This site provides information and guidance specific to WisDOT utility coordination services and related activities.
Utility coordination for WisDOT highway improvement projects begins in planning and continues until construction has completed. The goal is to prevent utility related delays to highway improvement projects.
- Utility coordination is a two-step process. The first step involves the identification of existing utility facilities that may be in conflict with proposed highway improvement projects. The second step involves the communication and coordination of the relocation and/or adjustment of existing utility facilities that are in conflict with highway improvement projects. Regional staff are responsible for performing utility coordination on highway improvement projects in accordance with federal code, state statutes, administrative code, and WisDOT policies and procedures.
- Central office staff assists the regions with interpretation of federal code, state statutes, administrative code, and policy; reviews and approves utility agreements; establishes procedures in accordance with approved policy; and, serves as the liaison between the regions and utility companies concerning policy related to utility coordination.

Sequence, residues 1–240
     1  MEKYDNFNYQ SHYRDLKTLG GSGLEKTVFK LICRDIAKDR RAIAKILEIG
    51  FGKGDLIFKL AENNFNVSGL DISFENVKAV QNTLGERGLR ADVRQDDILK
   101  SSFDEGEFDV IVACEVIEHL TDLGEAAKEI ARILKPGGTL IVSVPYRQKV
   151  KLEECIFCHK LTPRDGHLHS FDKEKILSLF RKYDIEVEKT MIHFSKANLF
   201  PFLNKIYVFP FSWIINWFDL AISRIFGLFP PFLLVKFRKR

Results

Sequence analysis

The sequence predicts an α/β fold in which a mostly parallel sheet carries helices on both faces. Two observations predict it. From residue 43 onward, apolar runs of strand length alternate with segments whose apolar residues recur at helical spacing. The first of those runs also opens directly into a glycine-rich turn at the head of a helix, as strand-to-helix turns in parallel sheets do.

- FHWA Wisconsin Division - FHWA Division Offices are local field offices that provide leadership, guidance, and direction to State Departments of Transportation in the planning, construction and maintenance of transportation projects. Working collaboratively with State partners, FHWA Division Offices ensure that the nation's roads, bridges and tunnels are safe and continue to support economic growth and environmental sustainability. Additionally, to ensure accountability, the FHWA Division Offices work with the State to develop, track and analyze activities and recommend innovative techniques and strategies to improve the performance of the transportation system. FHWA and its Division Offices are responsible for working with State Departments of Transportation to ensure that the nation's strategic investments preserve and modernize the U.S. highway system - and ultimately to save lives.